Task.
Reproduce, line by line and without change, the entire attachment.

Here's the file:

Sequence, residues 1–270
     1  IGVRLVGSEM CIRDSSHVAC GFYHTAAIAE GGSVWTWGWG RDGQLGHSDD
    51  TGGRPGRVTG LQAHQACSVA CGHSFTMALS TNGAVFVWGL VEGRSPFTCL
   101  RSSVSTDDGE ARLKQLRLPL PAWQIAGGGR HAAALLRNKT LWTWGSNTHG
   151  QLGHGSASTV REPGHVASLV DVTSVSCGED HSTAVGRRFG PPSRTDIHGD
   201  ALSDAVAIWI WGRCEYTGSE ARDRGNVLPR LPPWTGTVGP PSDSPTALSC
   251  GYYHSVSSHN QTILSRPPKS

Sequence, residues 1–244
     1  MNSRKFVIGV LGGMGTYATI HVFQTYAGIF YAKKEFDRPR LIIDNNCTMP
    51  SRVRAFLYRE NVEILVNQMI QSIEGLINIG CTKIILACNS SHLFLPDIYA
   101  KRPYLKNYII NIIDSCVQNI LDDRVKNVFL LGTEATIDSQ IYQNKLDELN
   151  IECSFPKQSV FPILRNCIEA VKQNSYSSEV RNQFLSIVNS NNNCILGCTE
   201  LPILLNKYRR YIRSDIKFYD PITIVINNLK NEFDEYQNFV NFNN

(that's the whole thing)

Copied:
Sequence, residues 1–270
     1  IGVRLVGSEM CIRDSSHVAC GFYHTAAIAE GGSVWTWGWG RDGQLGHSDD
    51  TGGRPGRVTG LQAHQACSVA CGHSFTMALS TNGAVFVWGL VEGRSPFTCL
   101  RSSVSTDDGE ARLKQLRLPL PAWQIAGGGR HAAALLRNKT LWTWGSNTHG
   151  QLGHGSASTV REPGHVASLV DVTSVSCGED HSTAVGRRFG PPSRTDIHGD
   201  ALSDAVAIWI WGRCEYTGSE ARDRGNVLPR LPPWTGTVGP PSDSPTALSC
   251  GYYHSVSSHN QTILSRPPKS

Sequence, residues 1–244
     1  MNSRKFVIGV LGGMGTYATI HVFQTYAGIF YAKKEFDRPR LIIDNNCTMP
    51  SRVRAFLYRE NVEILVNQMI QSIEGLINIG CTKIILACNS SHLFLPDIYA
   101  KRPYLKNYII NIIDSCVQNI LDDRVKNVFL LGTEATIDSQ IYQNKLDELN
   151  IECSFPKQSV FPILRNCIEA VKQNSYSSEV RNQFLSIVNS NNNCILGCTE
   201  LPILLNKYRR YIRSDIKFYD PITIVINNLK NEFDEYQNFV NFNN